General and Area Authorities, Relief Society General Presidency Called

Newly called General Authorities, Area Authority Seventies, and members of the Relief Society general presidency were sustained on 6 April during the 172nd Annual General Conference.

Elder Gerald N. Lund and Elder William R. Walker were called to serve in the Second Quorum of the Seventy. Bonnie D. Parkin was called as general president of the Relief Society, with Kathleen H. Hughes as first counselor and Anne C. Pingree as second counselor.

Thirty new Area Authority Seventies were also called—13 from the United States, two from Brazil, two from Japan, and one each from Argentina, Australia, Bolivia, Chile, Ecuador, England, Ghana, Hong Kong, Korea, New Zealand, Paraguay, Peru, and Uruguay.

In his opening remarks during Saturday morning’s session, President Gordon B. Hinckley spoke of the continued growth of the Church. He referred to the positive impressions of the Church received by hundreds of thousands of visitors, government leaders, and media when they visited Salt Lake City for the Winter Olympic Games. He also spoke of the success of the growing Perpetual Education Fund announced last April, which is now helping some 2,400 young Latter-day Saints in developing nations to gain an education.

During the priesthood session, President Hinckley also spoke out strongly against abuse of spouses, the elderly, and children. “It is something that cannot be countenanced or tolerated,” he said.

Church members raise their hands to sustain new leaders during Saturday afternoon’s conference session.

Elder Gerald N. Lund

Of the Seventy
Elder Gerald N. Lund

“‘God cheats no one and no one cheats God,’ my father always used to say. He also often told us, ‘God is a rich paymaster,’” says Elder Gerald N. Lund, a newly called member of the Seventy.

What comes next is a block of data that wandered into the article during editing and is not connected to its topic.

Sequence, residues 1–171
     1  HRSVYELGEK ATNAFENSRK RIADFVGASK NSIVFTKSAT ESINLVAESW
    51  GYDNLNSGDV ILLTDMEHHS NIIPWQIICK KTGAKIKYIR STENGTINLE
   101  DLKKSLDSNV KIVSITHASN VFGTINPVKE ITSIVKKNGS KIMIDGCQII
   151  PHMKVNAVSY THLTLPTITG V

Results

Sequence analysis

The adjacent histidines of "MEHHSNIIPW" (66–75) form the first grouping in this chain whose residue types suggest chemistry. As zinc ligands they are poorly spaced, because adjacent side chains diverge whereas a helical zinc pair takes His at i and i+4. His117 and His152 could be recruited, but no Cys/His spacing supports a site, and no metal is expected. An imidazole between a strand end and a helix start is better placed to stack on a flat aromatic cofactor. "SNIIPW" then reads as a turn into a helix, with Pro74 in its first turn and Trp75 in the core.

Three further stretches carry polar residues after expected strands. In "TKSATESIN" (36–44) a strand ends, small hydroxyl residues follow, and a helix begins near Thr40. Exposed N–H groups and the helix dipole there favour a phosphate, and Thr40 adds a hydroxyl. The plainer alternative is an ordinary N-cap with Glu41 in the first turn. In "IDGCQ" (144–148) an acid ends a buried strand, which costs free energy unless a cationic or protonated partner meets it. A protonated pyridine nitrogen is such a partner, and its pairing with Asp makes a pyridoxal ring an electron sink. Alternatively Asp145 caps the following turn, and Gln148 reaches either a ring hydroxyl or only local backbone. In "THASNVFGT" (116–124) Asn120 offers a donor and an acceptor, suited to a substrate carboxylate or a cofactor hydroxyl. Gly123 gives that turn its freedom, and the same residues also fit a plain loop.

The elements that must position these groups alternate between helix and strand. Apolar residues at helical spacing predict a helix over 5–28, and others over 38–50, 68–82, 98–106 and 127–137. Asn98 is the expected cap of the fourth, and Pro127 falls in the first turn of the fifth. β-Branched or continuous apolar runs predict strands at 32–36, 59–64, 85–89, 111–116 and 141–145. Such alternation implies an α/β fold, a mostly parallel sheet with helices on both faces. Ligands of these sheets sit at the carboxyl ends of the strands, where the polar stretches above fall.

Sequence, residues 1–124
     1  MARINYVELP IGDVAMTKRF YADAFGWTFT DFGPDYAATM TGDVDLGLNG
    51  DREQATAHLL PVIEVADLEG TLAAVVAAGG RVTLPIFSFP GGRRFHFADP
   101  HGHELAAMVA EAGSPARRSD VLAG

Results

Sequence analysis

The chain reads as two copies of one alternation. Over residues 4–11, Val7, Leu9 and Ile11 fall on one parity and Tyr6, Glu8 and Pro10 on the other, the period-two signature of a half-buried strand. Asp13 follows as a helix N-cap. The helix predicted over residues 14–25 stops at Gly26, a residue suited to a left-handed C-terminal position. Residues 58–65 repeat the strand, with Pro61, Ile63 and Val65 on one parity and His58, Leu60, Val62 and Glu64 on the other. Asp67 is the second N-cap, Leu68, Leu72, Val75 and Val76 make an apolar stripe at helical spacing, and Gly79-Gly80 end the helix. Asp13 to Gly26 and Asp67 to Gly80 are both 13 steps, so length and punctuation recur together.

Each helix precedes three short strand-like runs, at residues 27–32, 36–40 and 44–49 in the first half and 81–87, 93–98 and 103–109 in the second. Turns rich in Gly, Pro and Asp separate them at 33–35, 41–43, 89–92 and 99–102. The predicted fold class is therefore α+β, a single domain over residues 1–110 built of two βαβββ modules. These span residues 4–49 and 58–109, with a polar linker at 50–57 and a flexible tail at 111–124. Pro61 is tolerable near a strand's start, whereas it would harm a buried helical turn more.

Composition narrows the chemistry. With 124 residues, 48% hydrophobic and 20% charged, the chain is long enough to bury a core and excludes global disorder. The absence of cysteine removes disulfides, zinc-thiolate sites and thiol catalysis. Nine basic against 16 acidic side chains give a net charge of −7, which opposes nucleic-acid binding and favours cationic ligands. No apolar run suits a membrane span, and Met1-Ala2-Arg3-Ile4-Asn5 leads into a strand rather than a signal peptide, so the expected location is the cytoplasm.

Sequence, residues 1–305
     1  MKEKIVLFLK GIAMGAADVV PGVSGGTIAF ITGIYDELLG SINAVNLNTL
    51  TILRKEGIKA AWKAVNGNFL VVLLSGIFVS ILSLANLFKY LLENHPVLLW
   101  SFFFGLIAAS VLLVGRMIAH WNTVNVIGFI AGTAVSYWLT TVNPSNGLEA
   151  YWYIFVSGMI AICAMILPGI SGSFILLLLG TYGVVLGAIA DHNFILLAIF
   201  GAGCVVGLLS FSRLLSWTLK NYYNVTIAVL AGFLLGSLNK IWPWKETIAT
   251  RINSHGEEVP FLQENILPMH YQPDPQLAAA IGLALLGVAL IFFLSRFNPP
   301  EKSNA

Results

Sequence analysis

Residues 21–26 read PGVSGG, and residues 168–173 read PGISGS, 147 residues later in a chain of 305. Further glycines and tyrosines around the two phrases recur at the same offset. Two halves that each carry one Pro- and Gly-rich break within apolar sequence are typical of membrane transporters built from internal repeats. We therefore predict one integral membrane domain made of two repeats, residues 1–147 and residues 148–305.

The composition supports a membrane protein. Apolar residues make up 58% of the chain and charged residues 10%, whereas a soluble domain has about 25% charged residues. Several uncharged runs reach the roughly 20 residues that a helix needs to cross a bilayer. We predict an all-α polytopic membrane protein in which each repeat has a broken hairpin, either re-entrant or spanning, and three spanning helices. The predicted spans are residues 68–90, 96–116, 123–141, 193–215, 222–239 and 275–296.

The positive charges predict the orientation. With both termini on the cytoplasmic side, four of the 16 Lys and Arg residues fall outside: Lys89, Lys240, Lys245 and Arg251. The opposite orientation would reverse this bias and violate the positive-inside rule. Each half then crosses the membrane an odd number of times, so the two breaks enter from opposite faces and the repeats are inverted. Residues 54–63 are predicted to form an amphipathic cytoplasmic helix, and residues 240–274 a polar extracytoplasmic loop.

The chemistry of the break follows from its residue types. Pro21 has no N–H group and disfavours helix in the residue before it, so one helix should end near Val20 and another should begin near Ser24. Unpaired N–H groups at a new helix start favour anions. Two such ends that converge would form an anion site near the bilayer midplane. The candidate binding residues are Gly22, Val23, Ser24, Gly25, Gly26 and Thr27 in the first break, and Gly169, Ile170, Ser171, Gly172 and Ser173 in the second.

“We were raised on this philosophy,” he continues, “and it still defines the way I feel about service. The more I try to thank God, the more He seems to bless me, which in turn puts me deeper in His debt.”

When Gerald Lund returned from his missionary service, he had determined that he would rather work than go to college.

“I went to work in the construction business,” he explains. “After spending one week cleaning cement forms with a power brush, I realized this was not how I wanted to spend my life.”

He promptly enrolled in Brigham Young University, where he completed his bachelor’s and master’s degrees. His decision to go to college not only changed his life but also resulted in many years of teaching the gospel.

Gerald Lund started teaching seminary in Salt Lake City in 1965, beginning a 34-year career with the Church Educational System. In addition to his early years teaching seminary, he taught institute, served as an institute director, worked as a curriculum writer, and fulfilled a number of administrative assignments. He is also the author of many popular books and articles.

Elder Lund was born in Fountain Green, Sanpete County, Utah, to Jewell and Evelyn Lund on 12 September 1939. The family moved to Salt Lake City when he was a year old and later to Murray, Utah, where he spent most of his growing-up years.

In 1963 he married Retta Lynn Stanard, from Great Falls, Montana. They have 7 children and 17 grandchildren. Sister Lund is an accomplished musician and has published many of her arrangements.

Elder Lund has served as branch president, bishop, and bishop’s counselor. At the time of his call to the Second Quorum of the Seventy, Elder Lund was serving as president of the Brigham Young University 14th Stake.

Elder William R. Walker

Of the Seventy
Elder William R. Walker

As a young boy in the small Latter-day Saint community of Raymond, Alberta, Canada, William Walker often visited the nearby home of his grandparents. There, hanging on the wall, was a picture of the First Presidency. “I can still remember that image. It had a profound influence on me during those early years. I grew up loving the leaders of the Church,” he says.

Elder William R. Walker was born on 25 May 1944 to J. Harris and Beth Russell Walker. After completing a full-time mission to Japan, he attended Brigham Young University, where he met his wife, Vicki Van Wagenen. They were married in the Salt Lake Temple on 10 June 1968 and are the parents of five children.